PopLives #96: Matthew Smyth
Every week this Q&A finds out what interesting people in music, film, fashion, theatre, literature, performance, tech stuff, and whatever else are consuming.
Matt Smyth is an Irish producer working in the fields of theatre, comedy, opera, festivals and education in Dublin and beyond, and perhaps best known for his work with Collapsing Horse, ANU Productions and Dead Centre.
What are you reading?
For the 6th time in a row, the 1st chapter of Wolf Hall. If the rest of the book is as good as the first chapter seems to be, I’ll eventually be in for a treat.
Last film you saw and your verdict?
Leon: the Professional. I’m going through a period of being a knob and watching a lot of foreign films. I can confirm now that just because Jean Reno is in it does not make it a foreign film. It is, however, very good.
Last gig/concert you went to and your verdict?
The Mountain Goats played Whelans recently. Their back catalogue is so big that when they took requests they spent half the time figuring out the chords. But it was an absolutely brilliant gig – they still gots it.
Last stage production you saw and your verdict?
I saw Damon Albarn’s Wonder.Land in the National Theatre (UK) and it was absolute pants. Considering ‘Best of Blur’ is one of the greatest albums of all time – this came as a huge blow.
Last gallery / museum / exhibition you visited and your verdict?
The Science Gallery’s Trauma is pretty excellent and is still going.
You have a golden ticket to Easons, what magazine is first on your list?
The Economist. Rivalling only Wolf Hall in its inability to be read fully through.
What are your most clicked bookmarks?
The Onion. The only way to keep up with world politics.
Do you have a favourite podcast or radio programme?
I’m pretty useless at both but I could listen to South Wind Blows on RTE forever.
Give us a tip for 2016…
Google Bitcoin. Then buy it. Then sell it again. It’s a great talking point. Also the shows that ANU Productions will be putting on across the year tying in with the 1916 commemorations – they’ll all be class.
When you fall into a YouTube hole what’s the general subject matter of the videos you’re watching?
I actually tend to use old movie clips and quotes to answer emails to friends or serious work acquaintances (like accidentally sending the ‘Consider it Revoked’ line from Lethal Weapon II to my landlord once during a squabble). This tends to lead me down a vortex of scenes from classic films – ever building my arsenal of annoying answers to send to people who ask me direct questions.
I also recently discovered that Eddie Vedder (of Pearl Jam fame) has a ukulele album, which is terrific. And also Dave Van Ronk, one of the fathers of the American folk revival, he’s just recently got all his stuff up on Spotify (or some visionary has, he’s pretty dead so I doubt it was literally him). Perfect music if you’re stuck in work late.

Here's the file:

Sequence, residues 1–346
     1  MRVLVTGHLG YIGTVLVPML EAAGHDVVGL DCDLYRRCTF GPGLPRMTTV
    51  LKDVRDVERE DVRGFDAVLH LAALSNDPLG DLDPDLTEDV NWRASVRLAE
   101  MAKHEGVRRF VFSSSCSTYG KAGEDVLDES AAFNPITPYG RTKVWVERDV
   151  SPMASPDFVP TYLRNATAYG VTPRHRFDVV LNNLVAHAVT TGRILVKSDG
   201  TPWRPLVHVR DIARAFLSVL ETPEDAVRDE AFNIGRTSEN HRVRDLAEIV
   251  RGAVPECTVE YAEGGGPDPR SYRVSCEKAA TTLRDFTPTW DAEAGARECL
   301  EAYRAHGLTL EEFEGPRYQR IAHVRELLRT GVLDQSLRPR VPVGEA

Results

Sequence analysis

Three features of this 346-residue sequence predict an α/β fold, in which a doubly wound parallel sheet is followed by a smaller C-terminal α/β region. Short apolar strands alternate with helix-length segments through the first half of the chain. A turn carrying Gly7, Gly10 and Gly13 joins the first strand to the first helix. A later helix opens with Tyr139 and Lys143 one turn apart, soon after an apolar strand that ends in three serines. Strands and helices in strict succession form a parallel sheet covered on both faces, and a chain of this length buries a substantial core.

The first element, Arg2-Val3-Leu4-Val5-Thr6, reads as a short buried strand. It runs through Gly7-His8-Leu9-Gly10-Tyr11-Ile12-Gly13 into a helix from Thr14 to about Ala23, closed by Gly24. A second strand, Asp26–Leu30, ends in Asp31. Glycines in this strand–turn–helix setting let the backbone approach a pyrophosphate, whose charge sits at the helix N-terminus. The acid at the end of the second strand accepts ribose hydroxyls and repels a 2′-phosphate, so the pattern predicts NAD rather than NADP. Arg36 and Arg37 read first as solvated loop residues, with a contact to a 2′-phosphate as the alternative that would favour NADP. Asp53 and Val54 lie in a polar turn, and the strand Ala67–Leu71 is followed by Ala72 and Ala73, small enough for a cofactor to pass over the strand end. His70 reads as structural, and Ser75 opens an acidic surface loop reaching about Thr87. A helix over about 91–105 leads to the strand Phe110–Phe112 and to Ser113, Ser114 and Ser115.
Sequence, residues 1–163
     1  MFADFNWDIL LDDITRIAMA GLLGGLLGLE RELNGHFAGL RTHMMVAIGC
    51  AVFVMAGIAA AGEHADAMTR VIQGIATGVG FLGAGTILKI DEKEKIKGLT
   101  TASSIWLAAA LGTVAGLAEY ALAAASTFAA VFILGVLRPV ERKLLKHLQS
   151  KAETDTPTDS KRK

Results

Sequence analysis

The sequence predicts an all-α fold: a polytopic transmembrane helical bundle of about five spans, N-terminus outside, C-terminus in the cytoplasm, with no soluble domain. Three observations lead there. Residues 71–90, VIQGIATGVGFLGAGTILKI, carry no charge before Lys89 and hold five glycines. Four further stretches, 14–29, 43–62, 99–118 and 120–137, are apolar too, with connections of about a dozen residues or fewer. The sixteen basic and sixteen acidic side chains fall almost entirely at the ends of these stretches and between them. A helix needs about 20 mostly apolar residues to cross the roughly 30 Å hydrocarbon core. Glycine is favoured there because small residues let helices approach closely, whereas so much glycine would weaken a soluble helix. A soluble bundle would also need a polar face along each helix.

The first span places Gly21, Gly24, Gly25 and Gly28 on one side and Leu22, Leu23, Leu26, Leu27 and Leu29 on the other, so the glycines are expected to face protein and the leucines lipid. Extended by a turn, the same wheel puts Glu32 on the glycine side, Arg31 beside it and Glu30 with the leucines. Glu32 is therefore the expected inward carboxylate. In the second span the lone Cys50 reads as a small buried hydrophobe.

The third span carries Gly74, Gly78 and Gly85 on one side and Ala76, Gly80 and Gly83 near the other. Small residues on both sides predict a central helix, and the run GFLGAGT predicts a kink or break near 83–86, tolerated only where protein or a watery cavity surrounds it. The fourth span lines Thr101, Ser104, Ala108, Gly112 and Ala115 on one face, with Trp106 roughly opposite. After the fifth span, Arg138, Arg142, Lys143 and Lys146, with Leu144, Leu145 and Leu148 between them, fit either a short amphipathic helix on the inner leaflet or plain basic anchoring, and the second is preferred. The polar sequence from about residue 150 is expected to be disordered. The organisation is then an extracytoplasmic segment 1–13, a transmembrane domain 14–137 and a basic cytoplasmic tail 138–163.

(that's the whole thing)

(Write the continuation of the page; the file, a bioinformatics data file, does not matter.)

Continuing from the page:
Seriously though, Bieber – who knew?
Which boxset/TV series do you have on the go at the moment?
I’m pretty useless at this but I tend to catch a few episodes of whatever the flatmates are watching. So I can attest that Mr. Robot and Making A Murderer have some brilliant episode even when totally watched out of sequence and from a different room in your flat.
Which app do you use the most?
Do you play video games or mobile platform games, and if so, what’s your favourite at the moment?
I tend to get my ass handed to me at Mario Cart at my mate’s house. Bowser until I die.
What is your favourite club night of all time?
Antics in Crawdaddy. It’s not wasted youth when alco-pops are that cheap.
What was the last country you visited and what were you doing there?
I’m in New York at the moment at a theatre festival called Under the Radar seeing shows and having meetings. These are things I very much do at home. It’s not a massive departure.
If you could transport one international cultural outlet to your home town, what would it be and why?
The South Bank Centre in London is one of the most inspiring places I’ve ever had the opportunity to work. It educates, inspires and targets demographics, age groups and boroughs that don’t engage with the arts in London. It’s the only arts institution I’ve ever seen that properly compliments all other ones in a city rather than competing. It’s mission statement is to be the world’s leading arts centre and I’d say it must be.
And finally, if you see one theatre production this month make it…
Dublin Old School at Project Arts Centre in January. Kill for a return ticket.
Previously on PopLives: Gavin Elsted, Jessica Hopper, MayKay, Leagues O’Toole, Aoife Woodlock, SOAK, All We Are, Dan Finnegan, Roisin Agnew, John Leo Gillen, Eoin Cregan, Bronagh Gallagher, Martin Sharry, Zoe Ni Riordain, Evan Webber, Caitriona Ni Mhurchu, Kris Nelson, Eleanor Tiernan, Philip Connaughton, Tanya Tagaq, Richie Egan, Alison Spittle, Rex Ryan, Charlene Lydon, Avril Stanley, Mary Nally, Colm Mac Con Iomaire, Anna Rodgers, Tara Flynn, John Butler, Don Wycherley, Maser, Rubberbandits, James Wolf, Sinead Gleeson, Olwen Fouéré, Le Galaxie, Cian O’Brien, Cian Ó Ciobhain, Katie Holly, Elaine Mai, Aisling Farinella, Brendan Canty, Melanie Morris, Taylor Mac, Temper-Mental MissElayenous, Fez Fa’anana, Chris Judge, Xnthony, David Mullane, Jo Mangan, Derek O’Connor, Beardyman, Lynnette Moran, Rob Delaney, Julie Chance, Conor O’Brien, Nial Conlan, Wallis Bird, Adrian Crowley, Tegan Quin, Ellie Macnamara, Steve Ryan, Mumblin Deaf Ro, Rick O’Shea, Grace Dyas, Mark O’Halloran, Amy Conroy, Louise McSharry, Maeve Higgins, Ray Yeates, Nialler9, Jeanie Finlay, Kevin Barry, Brigie De Courcy, John Scott, Willie White, Niall Muckian, Phil Boyle, Angela Dorgan, Roise Goan, Joshua Gordon, Mick Minogue, Eilis Boyle, Annie Mac, Ben Frow, Michael McDermott, Sinead O’Connor, Shane Langan, Kathy Scott, Eoghan Kidney, Michael Roe, and Phillip McMahon.
(Photo by Dave Meehan)